Back to New England

How appropriate it is that we are talking about food of New England here in the chef’s cooking corner during this 4th of July season. After all, the American colonies began in New England.

The early Pilgrims arrived at Plymouth Colony—part of today’s Massachusetts—too late to grow many crops, and they lacked fresh food. It was a very hard winter for them as food was very scarce.

When the weather was warm the next spring they grew fruits and vegetables and had more food to eat. The Native Americans were very helpful. They showed the colonists what to plant and how to plant. They taught them how to grow corn (maize), barley, pumpkins, and many other crops. The Indians showed them how to pound corn into meal, and how to cook with it. This helped many of them survive the harsh winter of 1620–1621.

Now, corn on the cob is a special food for many 4th of July cook-outs. There are many ways to fix it. You can boil it , steam it, microwave it, and even grill corn on the cob.

The fresher the corn is, the tastier it will be. There is a saying that corn should be on the table two hours after its been picked. As soon as corn is picked, its sugar begins to gradually convert to starch. This then reduces the corn’s natural sweetness. Some folks add a teaspoon or two of sugar to the boiling water if the corn is past its prime.

Here is how to boil corn:

Add cold water to a pot large enough to hold all the ears of corn you want to prepare. Set on stove to come to a boil.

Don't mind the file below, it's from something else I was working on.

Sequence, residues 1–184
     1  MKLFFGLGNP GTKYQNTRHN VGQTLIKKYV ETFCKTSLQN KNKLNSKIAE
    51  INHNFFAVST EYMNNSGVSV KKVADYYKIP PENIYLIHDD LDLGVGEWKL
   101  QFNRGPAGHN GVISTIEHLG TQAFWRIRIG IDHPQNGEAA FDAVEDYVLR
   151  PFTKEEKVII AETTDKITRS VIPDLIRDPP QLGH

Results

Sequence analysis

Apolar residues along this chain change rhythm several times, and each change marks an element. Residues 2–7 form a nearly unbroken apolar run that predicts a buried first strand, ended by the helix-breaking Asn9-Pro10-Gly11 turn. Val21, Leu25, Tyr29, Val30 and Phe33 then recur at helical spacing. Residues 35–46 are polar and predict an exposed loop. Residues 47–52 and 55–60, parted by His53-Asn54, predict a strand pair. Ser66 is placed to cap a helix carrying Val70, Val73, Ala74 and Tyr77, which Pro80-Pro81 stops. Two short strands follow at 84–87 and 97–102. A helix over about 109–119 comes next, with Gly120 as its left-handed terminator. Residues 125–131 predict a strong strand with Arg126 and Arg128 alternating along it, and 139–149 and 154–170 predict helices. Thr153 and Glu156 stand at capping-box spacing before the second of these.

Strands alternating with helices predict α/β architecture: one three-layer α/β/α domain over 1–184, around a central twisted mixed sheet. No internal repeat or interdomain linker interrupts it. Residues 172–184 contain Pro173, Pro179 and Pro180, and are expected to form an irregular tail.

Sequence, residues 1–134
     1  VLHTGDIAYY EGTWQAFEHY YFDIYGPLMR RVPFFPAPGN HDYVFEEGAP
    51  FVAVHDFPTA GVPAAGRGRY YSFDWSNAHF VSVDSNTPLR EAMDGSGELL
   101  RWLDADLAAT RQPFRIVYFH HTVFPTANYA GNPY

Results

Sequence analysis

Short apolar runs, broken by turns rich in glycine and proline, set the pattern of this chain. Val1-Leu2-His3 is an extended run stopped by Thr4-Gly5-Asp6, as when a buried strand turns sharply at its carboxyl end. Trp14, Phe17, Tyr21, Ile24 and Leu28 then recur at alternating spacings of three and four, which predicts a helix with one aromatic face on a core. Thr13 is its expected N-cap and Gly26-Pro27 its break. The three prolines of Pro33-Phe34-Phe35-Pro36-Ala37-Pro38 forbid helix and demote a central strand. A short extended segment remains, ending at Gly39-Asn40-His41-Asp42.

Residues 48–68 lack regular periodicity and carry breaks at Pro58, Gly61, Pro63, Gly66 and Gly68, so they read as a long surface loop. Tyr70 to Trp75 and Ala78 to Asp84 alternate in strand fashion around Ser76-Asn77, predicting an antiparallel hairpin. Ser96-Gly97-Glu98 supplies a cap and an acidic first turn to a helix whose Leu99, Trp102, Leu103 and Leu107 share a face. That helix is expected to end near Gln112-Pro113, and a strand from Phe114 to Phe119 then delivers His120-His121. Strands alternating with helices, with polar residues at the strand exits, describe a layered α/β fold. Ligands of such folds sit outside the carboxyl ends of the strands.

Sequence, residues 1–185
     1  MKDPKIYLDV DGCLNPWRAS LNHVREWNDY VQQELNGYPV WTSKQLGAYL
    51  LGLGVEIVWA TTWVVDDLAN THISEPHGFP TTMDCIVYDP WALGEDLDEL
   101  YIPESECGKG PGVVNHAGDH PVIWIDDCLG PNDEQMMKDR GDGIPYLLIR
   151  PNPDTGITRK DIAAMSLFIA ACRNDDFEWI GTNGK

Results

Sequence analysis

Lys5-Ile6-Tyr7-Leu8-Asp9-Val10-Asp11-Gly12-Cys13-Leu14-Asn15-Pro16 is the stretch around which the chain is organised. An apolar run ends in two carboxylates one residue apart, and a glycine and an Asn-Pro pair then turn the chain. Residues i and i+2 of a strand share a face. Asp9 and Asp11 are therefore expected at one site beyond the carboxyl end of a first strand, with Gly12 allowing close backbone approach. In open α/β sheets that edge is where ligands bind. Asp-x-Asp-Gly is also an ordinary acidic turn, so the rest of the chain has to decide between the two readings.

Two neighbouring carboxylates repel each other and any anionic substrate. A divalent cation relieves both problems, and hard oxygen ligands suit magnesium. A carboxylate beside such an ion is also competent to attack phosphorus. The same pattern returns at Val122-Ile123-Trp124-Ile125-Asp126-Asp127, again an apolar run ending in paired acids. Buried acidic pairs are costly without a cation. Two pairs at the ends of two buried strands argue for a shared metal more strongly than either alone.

Shuck the corn, that is, pull off the outer husks of corn and pull off as many of the pesky little silks as you can.

Have an adult slowly lower the ears of corn into the boiling water and cover. After the water begins to boil again, leave the corn in for about 4 to 6 minutes, depending on the freshness and softness of the corn.

Then, with tongs, have an adult remove corn from boiling water. Be careful to lift cover away from you so the steam doesn’t burn your face. Roll corn on the cob in real butter, add a little salt and you have a grand feast!

To microwave corn:

You can microwave corn with the shucks on or off. If you shuck first, wrap the ears in damp paper towels, and put them in the microwave. Cook them on high for about 6 to 9 minutes for two ears or about 12 to 15 minutes for four ears. Halfway through cooking, turn them over. If you are going to shuck the ears after cooking, use something like a clean dish towel to protect your hands from the hot ears as you shuck.

Whichever way you fix your corn on the cob, you will be eating a patriotic food on this day celebrating freedom.

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